On overnight leave, prior to bringing our bikes to Harman, we would hitch a ride to Canberra. We’d stay at the Servicewomen’s hostel to luxuriate in hot showers and restaurant (Greek or Chinese) food, at five shillings. On our way one day a truck pulled up, Lorena hopped in first leaving me to sit on the passenger’s lap. He was a burly tradie with a droopy moustache. Having just received our pay, the grand sum of thirty-five shillings, I was carefully pressing my wallet under my arm. My guy was starting to become fresh when I looked down to see my wallet on my lap. I had been pressing his hand against my bosom!
Eighteen months after my arrival at Harman, I was selected to do an Officer’s course at Flinders Naval Depot. It was winter and cold but we had the luxury of hot showers and a heater. Just before my 21st birthday, I received a blue stripe to add to my uniform.
I was then posted to HMAS Magneticin Townsville. General MacArthur had started the push back of the Japanese and all information for Head Quarters at Victoria Barracks in Melbourne was channelled through Magnetic. These signals were all top secret and we cypher officers knew the progress of the war before the ‘Big Brass’ at the Barracks.
I loved dancing, and was good at it. We danced non-stop until midnight. Like Cinderella, I would leave to get three hours sleep before going on watch from four till eight in the morning. If we returned to the Wrannery after 8pm we had to sign in with the time. This was checked weekly by the Captain. My socialising had repercussions in the form of a ‘please explain’ visit to the Captain.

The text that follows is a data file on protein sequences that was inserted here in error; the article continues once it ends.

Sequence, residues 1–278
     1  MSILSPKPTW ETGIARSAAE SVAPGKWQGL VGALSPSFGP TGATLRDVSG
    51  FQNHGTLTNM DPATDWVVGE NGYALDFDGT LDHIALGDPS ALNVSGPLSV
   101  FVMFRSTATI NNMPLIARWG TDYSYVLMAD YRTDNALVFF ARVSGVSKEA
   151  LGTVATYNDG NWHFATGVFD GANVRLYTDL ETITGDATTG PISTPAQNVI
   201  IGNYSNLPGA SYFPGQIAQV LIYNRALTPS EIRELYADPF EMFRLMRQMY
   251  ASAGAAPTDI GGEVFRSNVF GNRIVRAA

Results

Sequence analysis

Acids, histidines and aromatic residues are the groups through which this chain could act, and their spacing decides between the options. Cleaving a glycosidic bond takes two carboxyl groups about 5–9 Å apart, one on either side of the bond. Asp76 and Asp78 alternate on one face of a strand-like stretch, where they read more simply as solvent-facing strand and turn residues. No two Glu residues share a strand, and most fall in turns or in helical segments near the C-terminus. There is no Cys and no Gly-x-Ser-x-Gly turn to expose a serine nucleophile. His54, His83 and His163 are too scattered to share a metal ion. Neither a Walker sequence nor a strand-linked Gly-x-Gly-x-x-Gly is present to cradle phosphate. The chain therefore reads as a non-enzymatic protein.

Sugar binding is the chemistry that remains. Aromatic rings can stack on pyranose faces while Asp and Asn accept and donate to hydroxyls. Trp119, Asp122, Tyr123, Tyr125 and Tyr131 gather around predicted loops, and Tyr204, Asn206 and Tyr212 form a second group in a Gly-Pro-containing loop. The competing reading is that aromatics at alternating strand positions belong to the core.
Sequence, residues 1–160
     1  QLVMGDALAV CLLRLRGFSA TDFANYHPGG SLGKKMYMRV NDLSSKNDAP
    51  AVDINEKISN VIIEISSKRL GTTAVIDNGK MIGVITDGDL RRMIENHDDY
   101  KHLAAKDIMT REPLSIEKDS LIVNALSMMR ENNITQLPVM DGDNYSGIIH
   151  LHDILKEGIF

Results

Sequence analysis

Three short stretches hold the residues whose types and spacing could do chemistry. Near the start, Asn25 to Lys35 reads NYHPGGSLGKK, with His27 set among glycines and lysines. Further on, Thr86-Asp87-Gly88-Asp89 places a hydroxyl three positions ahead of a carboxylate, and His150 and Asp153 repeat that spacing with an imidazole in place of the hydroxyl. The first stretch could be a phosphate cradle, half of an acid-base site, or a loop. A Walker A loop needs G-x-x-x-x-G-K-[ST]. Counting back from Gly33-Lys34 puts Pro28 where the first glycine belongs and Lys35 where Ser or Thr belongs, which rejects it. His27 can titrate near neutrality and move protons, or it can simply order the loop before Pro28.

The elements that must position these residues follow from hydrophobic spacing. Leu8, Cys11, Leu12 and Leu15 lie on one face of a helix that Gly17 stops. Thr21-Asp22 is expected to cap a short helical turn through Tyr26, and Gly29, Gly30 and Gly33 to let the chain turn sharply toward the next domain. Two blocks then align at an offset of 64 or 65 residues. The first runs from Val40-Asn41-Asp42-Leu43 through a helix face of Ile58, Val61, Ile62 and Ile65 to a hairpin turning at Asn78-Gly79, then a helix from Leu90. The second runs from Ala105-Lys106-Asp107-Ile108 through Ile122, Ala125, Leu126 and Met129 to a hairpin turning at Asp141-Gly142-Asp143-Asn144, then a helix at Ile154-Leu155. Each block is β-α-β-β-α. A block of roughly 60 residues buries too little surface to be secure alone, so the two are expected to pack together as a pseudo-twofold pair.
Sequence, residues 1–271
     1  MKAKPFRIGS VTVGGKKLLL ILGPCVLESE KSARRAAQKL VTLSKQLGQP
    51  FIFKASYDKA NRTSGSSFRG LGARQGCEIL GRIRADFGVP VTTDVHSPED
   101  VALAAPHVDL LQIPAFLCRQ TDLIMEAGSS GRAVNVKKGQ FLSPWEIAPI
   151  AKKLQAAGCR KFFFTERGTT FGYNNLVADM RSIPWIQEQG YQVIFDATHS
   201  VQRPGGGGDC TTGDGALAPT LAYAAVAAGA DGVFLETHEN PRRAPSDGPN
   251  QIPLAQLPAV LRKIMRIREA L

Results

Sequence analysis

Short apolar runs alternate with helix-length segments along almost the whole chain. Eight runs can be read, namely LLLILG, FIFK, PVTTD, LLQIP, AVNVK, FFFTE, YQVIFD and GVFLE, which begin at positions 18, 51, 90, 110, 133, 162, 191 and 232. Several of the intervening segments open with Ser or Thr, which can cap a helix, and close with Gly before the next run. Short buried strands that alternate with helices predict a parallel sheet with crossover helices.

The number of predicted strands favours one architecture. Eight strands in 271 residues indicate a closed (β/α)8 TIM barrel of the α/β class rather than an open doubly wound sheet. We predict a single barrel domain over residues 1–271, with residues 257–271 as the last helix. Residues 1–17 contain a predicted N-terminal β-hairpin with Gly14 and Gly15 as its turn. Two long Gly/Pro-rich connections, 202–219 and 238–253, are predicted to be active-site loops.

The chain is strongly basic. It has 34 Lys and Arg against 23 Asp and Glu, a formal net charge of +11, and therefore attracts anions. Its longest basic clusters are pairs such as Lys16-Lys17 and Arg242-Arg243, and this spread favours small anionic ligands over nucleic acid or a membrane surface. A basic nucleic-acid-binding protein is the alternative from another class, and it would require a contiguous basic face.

I was sent to Victoria Barracks to do a short course in censorship, as it applied to the Press and Radio. I was then sent to Sydney, working out of Kuttabul at Potts Point. Two weeks there and the Japanese surrendered. I was out of a job.
SigAM Margaret Hartley
I left school at 13 and I didn’t have any education to speak of. The only reason I learnt to type and do shorthand was because of Mr Dedman (Director General of Manpower). I came down to Melbourne to my mother, who was working as a housekeeper for a wealthy family and they put me on as a maid. I probably would have lasted at that forever if Mr Dedman hadn’t got into the act and decided that all these big, rich families were only allowed to have one domestic. So for half a day I worked there, washing floors and stuff, the other half I went off to business college and learnt shorthand and typing.
I was disappointed not to get into the Land Army, which had stopped recruiting, so then I thought, as you do when you’re 17, I’d like to join something. I was in a job I didn’t like, and to change jobs back then you had to go through Manpower. you had the choice then of joining up or going to work in a munitions factory, or something like that, so I decided on the Navy. Why did I decide on the Navy? Sounds a bit trite now, I liked the uniform [laughs].
The European War ended and I thought, ‘Oh well, that’s it, they won’t call me up now’, however, they did! They were wanting to replace the four year girls because the Japanese War was still going. A lot of the girls were trying to get out to get married and the boys were all coming back from prison camps and so they replaced them with us.